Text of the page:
Guest Post By Charles L. Watson
What are the effects of drugs and breastfeeding?
We are always told that “Breast is Best.” That moms should breastfeed and how beneficial breastfeeding is for your baby.
But what if the mother is taking medication, using drugs or alcohol? What is the effect on the baby? How much of that goes into the mother’s breast milk?
Today’s guest post from Charles L. Watson details the effects of drugs and breastfeeding and what that means in terms of a mother’s ability to breastfeed their baby safely.
The Effects of Drugs and Breastfeeding
According to the National Health and Medical Research Council, infants should be breastfed exclusively for the first six months, and after that up to one year with the appropriate complementary foods.
One of the reasons why breastfeeding is so highly recommended is that breast milk for the first 6 months contains all the nutrients that the baby needs at that stage of its life.
Also, a child who has been exclusively breastfed is unlikely to die within the first six months according to UNICEF.
Unfortunately, women who should be breastfeeding exclusively may be required to take certain medications to address any health condition they may have at the time.
Also, alcohol consumption and any social drugs taken should be evaluated on the impact it could have on breast milk so that you can determine whether to proceed with breastfeeding your baby or not.
Breast Milk and Drugs
It is an inevitable fact that a small number of breastfeeding women would have used social drugs or are hooked onto prescription drugs to alleviate pain and distress.
While it is possible for a number of them to “simply give up,” it is unrealistic to expect that to happen especially with all the challenges the mother will be facing after childbirth.
It is therefore important to ensure that you disclose to your doctor about any medical or social drugs you may be taking.
Regardless of the condition or substance abuse problem you may be struggling with, your doctor will provide you with information on; the effect the substance you are taking has on the baby, and what to do to keep your newborn safe.
Effects of Drugs on the Newborn
The effects of prescription or social drugs have on the baby can be quite severe.
Breastfeeding mothers are cautioned on the dependency some drugs like Opioids can have on the baby. These substances establish dependency during pregnancy or the breastfeeding period which is then experienced by the child as withdrawal symptoms.
The extent to which the baby is exposed to medication or drugs depends on a number of factors.
For prescription drugs, the amount of the drug that the mother takes which will not have a significant effect on the baby can be calculated. Your physician may recommend the dosage you need to take or find you choose alternative medication for your condition.
With social drugs, determining the level of exposure to the drug is difficult. First, most social drugs sold in the streets do not have a consistent set of ingredients that can be used to determine its potency and the kind of effect it could have on your baby.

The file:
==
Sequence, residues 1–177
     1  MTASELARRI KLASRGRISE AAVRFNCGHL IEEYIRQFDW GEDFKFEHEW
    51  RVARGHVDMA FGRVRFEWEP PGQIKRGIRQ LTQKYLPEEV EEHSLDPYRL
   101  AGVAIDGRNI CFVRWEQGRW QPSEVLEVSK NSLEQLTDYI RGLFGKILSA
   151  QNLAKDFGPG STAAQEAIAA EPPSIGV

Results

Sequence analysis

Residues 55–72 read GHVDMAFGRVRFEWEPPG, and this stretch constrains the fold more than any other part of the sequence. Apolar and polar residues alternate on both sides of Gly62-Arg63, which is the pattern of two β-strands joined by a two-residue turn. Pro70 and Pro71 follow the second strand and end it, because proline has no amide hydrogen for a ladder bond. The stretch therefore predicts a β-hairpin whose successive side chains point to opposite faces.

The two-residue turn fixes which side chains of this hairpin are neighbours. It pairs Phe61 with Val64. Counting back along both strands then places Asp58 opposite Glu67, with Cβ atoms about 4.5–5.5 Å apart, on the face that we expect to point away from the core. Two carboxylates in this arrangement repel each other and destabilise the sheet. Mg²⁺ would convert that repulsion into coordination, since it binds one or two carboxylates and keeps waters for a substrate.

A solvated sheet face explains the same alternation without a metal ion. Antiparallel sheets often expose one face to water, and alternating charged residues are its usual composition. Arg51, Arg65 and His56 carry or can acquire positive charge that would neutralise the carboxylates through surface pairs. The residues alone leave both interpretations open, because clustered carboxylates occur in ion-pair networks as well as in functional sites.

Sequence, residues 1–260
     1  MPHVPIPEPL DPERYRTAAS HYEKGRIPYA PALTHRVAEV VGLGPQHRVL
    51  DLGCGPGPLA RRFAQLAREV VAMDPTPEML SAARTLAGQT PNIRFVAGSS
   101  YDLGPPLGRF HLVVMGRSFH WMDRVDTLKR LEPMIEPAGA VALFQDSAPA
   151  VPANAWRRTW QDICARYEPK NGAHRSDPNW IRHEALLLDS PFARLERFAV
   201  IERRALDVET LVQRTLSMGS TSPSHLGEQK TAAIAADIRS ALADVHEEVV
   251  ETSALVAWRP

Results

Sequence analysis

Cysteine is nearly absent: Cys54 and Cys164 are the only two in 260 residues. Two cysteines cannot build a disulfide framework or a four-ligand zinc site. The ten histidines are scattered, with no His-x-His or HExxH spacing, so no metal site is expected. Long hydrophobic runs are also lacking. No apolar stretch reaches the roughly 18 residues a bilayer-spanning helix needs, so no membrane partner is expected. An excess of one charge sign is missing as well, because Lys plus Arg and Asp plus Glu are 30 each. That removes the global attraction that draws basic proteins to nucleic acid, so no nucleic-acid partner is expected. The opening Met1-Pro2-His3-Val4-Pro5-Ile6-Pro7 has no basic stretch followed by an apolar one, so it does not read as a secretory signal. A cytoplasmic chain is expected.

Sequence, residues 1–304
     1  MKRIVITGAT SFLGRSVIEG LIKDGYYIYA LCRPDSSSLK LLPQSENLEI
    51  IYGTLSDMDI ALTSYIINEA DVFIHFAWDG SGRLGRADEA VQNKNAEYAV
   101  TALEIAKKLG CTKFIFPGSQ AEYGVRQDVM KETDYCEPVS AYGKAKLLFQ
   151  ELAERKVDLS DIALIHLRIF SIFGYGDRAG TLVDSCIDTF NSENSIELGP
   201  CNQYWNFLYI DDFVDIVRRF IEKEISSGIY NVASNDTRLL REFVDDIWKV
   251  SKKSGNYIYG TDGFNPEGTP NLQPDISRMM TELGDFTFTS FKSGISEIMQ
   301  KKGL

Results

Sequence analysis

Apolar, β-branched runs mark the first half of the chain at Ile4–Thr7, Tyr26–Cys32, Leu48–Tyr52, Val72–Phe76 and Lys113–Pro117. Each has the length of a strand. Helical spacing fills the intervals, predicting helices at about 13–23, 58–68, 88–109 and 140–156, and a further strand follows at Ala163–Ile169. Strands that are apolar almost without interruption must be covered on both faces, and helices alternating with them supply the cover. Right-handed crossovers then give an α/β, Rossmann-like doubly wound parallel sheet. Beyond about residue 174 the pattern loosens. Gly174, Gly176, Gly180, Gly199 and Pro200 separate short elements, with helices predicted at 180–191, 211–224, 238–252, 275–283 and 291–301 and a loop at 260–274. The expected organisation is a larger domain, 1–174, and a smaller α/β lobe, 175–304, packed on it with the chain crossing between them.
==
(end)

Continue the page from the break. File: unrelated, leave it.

Secondly, most people with a substance abuse problem take them for recreation. This means they are hardly ever in a position to either determine the amounts they are taking or control those amounts.
It is therefore advisable for breastfeeding mothers to talk to a doctor so that they can recommend a cause of action that will have no adverse effect on the baby. For example, the doctor can give you medication to alleviate withdrawal symptoms at least for the period of time you’ll be breastfeeding.
Common Drugs and their Effects on New Born Baby
Marijuana is one of the most common drugs which has been gaining in popularity in the last few years.
Medical marijuana is often considered for its medicinal properties especially when it comes to alleviating certain symptoms such as nausea. For this reason, the impact that marijuana can have on the child through breast milk is often overlooked.
If you take marijuana you should avoid breastfeeding altogether.
Marijuana, though considered to be a soft drug, can have very adverse effects on a breastfeeding baby. Since babies are still developing rapidly, the drug can have a significant impact on their central nervous system.
It could potentially make them hyperactive and make them more susceptible to drug use in the future.
Alcohol is another commonly abused substance.
It is often served during all manner of occasions from corporate events to birthday parties. The impact that alcohol has can also be overlooked by a breastfeeding mother.
Alcohol is known to cause irritability and insomnia even in cases where the breastfeeding mother had just one drink. Alcohol can cause long-term brain damage for the baby – as well as for the mother – where the mother has been having regular intake over a considerable period of time.
Mothers who are taking painkillers are also advised not to breastfeed.
Whether over the counter or prescription medication, most medicine will find its way to the baby through breast milk. Painkillers can cause neurobehavioral depression issues.
If you must breastfeed, talk to your physician so that he can recommend solutions that are safe for you and your baby.
If you are in doubt about any substances and the effect it has on the baby, it is always best to consult a professional and get assistance at the best rehab centers near you rather than risking the health of your baby.
About the Author
Charles L. Watson is a willing writer contributing in the health arena. If you don’t catch him at the local Detroit Tiger’s game, you will see him reading updating material from his favorite author Tim Ferriss. Currently, he is a freelance writer for http://www.eliterehabplacement.com.
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